Ensure you stay in communication with your guidance counselor and that they submit everything they need to on your behalf.
Although some top colleges may not have any preference on which teachers provide you recommendations, Caltech requires recommendation letters from:
Although Caltech indicates that you can ask teachers who instructed you in any year, it's best to secure strong letters from teachers who can speak to your recent achievements, growth, and demeanor in the classroom.
Caltech requests letters from a humanities or social science teacher who has evaluated your writing. Here are some examples of classes that can fulfill this requirement:
Beyond these required recommendations, Caltech gives students the option to present two additional recommendation letters from “a mentor or supervisor who knows you in a different context.”
It’s in your best interest to take advantage of these extra letters if you feel that you can obtain strong recommendations. Some examples of people you can ask include:
Your personal statement is the heart and soul of your application. It shows admissions committees who you are beyond test scores and GPA. To write an excellent personal statement, you'll need to:
Personal statements should include a lot of detailed imagery, have a logical flow, and focus on your experiences and their impact on your journey.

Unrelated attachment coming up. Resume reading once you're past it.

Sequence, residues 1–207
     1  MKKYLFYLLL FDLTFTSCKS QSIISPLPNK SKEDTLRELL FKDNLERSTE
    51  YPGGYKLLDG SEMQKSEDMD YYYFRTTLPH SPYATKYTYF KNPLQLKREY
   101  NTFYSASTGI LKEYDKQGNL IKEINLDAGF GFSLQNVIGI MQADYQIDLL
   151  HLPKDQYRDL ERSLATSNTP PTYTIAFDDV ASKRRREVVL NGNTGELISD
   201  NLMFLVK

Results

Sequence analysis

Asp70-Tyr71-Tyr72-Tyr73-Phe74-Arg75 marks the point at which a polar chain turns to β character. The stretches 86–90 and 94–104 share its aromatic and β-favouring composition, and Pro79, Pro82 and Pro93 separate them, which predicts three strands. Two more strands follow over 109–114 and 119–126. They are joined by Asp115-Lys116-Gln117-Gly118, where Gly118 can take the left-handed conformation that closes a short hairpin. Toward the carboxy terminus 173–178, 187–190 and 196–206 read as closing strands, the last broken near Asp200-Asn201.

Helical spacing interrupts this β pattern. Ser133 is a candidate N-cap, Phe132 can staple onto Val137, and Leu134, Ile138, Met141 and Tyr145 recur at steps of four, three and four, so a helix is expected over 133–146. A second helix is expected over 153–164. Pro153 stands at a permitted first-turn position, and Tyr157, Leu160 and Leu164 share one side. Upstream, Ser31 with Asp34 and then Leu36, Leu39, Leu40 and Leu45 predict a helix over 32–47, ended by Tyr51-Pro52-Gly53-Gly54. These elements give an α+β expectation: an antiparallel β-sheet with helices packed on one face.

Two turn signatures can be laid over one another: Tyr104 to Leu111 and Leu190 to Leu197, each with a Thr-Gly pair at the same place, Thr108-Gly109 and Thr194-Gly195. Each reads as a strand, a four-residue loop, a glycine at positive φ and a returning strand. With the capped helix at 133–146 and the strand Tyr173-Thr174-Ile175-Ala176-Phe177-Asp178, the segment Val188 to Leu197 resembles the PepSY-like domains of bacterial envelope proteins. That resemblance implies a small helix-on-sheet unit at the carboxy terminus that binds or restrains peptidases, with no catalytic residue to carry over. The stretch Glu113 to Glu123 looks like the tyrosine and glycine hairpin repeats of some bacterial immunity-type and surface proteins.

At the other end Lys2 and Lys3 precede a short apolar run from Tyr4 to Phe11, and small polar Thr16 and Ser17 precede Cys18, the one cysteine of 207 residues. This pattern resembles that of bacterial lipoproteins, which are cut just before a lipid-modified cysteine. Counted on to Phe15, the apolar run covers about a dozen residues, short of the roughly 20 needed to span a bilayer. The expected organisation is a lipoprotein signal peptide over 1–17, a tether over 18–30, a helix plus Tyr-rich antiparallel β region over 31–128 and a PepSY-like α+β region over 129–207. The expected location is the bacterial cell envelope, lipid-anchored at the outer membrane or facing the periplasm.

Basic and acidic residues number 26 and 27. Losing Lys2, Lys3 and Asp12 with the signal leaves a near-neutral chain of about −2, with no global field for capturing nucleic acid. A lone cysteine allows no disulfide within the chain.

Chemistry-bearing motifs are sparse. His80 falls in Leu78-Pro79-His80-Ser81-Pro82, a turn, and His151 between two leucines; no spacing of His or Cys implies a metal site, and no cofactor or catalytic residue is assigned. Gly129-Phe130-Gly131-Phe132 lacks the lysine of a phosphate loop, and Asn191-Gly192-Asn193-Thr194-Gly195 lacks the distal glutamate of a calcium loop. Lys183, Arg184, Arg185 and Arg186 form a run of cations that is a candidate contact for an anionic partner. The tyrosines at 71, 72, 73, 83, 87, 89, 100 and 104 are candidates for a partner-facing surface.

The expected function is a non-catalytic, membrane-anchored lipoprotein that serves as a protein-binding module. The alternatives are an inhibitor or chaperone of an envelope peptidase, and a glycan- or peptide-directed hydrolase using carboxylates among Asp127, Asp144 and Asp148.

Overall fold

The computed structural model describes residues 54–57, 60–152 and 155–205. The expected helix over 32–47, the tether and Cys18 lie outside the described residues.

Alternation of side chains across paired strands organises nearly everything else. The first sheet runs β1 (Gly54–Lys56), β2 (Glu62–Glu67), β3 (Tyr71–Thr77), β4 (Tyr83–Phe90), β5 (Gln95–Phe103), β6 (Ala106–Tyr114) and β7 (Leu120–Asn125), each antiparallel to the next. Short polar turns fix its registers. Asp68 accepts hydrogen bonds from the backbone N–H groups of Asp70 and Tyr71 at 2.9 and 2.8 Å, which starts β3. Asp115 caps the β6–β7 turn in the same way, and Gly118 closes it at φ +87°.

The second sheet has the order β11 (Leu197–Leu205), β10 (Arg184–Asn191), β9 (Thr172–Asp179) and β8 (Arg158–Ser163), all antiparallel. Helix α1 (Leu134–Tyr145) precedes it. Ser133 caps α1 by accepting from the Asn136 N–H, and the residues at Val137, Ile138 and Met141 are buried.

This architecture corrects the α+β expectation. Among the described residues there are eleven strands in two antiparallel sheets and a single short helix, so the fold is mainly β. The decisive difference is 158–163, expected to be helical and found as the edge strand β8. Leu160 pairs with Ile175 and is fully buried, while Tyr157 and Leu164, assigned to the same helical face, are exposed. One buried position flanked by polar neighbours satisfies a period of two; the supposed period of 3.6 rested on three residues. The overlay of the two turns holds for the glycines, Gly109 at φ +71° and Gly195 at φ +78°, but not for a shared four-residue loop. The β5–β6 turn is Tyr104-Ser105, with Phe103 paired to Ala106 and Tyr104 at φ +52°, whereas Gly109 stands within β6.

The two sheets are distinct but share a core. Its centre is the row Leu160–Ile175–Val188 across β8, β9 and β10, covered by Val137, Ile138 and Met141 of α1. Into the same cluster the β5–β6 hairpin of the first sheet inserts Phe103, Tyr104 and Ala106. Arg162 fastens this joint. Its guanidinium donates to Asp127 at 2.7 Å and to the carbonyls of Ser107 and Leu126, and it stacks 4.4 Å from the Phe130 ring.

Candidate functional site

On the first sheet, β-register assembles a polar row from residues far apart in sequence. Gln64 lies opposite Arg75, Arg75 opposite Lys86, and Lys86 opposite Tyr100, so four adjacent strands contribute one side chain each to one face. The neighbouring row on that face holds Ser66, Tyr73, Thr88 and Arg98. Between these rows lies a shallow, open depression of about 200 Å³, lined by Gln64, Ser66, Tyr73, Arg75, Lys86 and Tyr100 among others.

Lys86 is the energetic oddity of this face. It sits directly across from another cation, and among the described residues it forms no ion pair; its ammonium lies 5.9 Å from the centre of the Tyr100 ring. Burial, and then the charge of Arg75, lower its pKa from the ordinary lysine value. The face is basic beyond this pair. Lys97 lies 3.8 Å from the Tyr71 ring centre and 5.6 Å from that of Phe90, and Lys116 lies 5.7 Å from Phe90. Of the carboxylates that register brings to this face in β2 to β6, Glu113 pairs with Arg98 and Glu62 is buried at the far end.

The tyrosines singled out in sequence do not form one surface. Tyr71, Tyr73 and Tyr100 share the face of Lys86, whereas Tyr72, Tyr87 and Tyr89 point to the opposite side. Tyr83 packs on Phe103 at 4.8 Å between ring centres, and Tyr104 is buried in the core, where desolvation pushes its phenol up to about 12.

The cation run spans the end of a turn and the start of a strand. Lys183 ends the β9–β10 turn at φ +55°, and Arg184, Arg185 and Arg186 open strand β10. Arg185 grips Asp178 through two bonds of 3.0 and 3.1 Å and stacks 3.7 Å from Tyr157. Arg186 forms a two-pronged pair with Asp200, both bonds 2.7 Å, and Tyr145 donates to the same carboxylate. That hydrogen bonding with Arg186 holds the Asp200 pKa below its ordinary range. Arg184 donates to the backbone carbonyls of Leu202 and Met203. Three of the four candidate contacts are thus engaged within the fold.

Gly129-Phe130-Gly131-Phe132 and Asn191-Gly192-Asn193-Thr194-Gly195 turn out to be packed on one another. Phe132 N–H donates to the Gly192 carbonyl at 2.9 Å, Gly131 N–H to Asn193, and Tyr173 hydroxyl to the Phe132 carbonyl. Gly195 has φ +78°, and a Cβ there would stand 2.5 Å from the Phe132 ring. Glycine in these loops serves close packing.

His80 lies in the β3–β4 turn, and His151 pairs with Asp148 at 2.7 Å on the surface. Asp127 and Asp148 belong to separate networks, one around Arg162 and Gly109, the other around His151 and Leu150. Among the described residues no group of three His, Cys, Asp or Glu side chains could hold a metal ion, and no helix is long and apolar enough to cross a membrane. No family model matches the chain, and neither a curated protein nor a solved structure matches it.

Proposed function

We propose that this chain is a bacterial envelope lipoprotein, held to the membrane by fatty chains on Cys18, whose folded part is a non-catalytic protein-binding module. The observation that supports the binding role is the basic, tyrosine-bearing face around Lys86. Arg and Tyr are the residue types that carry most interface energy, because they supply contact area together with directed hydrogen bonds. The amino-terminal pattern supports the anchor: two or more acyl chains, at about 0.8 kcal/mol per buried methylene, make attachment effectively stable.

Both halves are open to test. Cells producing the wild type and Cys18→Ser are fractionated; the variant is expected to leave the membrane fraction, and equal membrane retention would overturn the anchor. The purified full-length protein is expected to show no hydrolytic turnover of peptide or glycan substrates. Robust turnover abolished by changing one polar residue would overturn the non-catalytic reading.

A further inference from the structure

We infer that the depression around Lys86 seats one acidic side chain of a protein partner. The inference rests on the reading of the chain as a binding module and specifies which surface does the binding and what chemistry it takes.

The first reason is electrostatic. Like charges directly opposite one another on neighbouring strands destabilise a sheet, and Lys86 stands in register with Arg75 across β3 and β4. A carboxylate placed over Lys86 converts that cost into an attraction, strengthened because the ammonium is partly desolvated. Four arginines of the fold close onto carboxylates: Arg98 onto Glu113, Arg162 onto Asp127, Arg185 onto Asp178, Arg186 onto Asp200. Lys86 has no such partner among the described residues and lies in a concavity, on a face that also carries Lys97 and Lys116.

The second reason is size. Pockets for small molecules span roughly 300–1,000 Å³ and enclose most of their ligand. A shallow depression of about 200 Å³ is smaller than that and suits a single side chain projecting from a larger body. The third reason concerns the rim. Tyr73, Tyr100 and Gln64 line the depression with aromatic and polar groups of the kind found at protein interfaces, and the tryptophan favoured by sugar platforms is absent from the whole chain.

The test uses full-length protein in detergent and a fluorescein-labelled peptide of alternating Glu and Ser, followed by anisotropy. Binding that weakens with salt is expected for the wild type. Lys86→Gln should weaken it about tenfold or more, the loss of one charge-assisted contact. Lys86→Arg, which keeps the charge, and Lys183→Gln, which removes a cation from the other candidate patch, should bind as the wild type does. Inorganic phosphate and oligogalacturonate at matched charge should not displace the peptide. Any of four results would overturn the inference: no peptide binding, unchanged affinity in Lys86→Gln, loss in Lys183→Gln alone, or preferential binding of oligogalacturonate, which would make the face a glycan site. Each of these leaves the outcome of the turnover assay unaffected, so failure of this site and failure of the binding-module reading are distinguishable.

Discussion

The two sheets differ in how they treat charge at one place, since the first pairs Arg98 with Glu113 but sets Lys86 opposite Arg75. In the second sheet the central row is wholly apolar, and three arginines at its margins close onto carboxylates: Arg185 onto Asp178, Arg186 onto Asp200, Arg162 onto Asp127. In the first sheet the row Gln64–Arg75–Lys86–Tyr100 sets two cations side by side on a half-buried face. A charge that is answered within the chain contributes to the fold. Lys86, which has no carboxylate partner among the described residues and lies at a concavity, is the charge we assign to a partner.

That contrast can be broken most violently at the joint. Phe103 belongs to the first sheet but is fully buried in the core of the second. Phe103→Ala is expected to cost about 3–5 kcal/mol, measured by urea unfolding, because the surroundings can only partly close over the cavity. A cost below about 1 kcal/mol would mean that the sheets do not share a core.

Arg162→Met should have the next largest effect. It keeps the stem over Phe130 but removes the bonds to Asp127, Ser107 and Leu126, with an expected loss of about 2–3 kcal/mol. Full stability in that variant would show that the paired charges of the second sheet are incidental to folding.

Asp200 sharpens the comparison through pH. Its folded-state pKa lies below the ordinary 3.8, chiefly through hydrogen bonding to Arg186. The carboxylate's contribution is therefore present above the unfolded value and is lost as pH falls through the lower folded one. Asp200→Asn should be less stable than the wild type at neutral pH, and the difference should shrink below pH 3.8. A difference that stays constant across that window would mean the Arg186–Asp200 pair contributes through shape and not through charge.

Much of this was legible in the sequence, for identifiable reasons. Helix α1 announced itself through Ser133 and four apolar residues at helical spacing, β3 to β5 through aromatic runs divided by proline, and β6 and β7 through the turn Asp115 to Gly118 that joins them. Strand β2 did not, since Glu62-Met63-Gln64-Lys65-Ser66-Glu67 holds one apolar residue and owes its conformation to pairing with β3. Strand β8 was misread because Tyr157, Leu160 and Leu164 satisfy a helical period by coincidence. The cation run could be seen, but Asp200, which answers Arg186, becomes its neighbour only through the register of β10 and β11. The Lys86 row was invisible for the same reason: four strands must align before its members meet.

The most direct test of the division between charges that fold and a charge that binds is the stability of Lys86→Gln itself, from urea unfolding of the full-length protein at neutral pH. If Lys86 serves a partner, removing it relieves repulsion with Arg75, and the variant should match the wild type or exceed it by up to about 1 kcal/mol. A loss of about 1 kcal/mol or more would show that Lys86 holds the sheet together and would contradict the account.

Caltech asks all first-year applicants to respond to three essay prompts, each with a 100-250 word count. These are the prompts with some guiding questions provided by Caltech to inform your answers.
Failure is an unfortunate but very real part of life. What Caltech wants to see here is your reaction to failure and what you do to move past it and better yourself. These are the questions Caltech provides as a guide to answer this prompt.
This response aims to show that you are a curious individual capable of independent study. Caltech asks students to answer these questions to help guide their essay:
Showing your ability to work as a team is an essential element of how to get into Caltech. The admissions committee wants to know how you'll fare as a team member to work toward a common goal. Since Caltech can hand out challenging problems to first-year students, the school has a tradition of small student groups working together to solve them.
These are the questions Caltech provides to guide answers:
Answering all three of these prompts thoughtfully is key to getting into Caltech's undergrad program. Ensure you spend time brainstorming, outlining, and editing your responses before submitting them. Remember to keep your writing concise: you don't have many words to get your main idea across!
Caltech is a highly competitive and prestigious school. As such, there are many benefits to attending Caltech.
If you love the idea of small class sizes and campus, Caltech is a fantastic option. According to recent Caltech data, the school only has approximately 1,000 undergraduate students and 1,400 graduate students in attendance. In the most recent entering first-year class, only 270 students enrolled.
These numbers show that you'll be a part of a relatively close-knit and small campus. Caltech offers a lovely alternative if you don't love crowded and bustling spaces (like some major public university campuses).